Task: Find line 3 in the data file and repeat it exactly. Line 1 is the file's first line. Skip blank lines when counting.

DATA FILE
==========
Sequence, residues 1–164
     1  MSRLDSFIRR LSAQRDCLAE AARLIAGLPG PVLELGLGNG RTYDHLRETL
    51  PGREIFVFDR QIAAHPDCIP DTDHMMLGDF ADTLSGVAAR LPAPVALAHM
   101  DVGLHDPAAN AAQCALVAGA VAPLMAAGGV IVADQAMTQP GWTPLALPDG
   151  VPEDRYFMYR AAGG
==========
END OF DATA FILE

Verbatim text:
    51  PGREIFVFDR QIAAHPDCIP DTDHMMLGDF ADTLSGVAAR LPAPVALAHM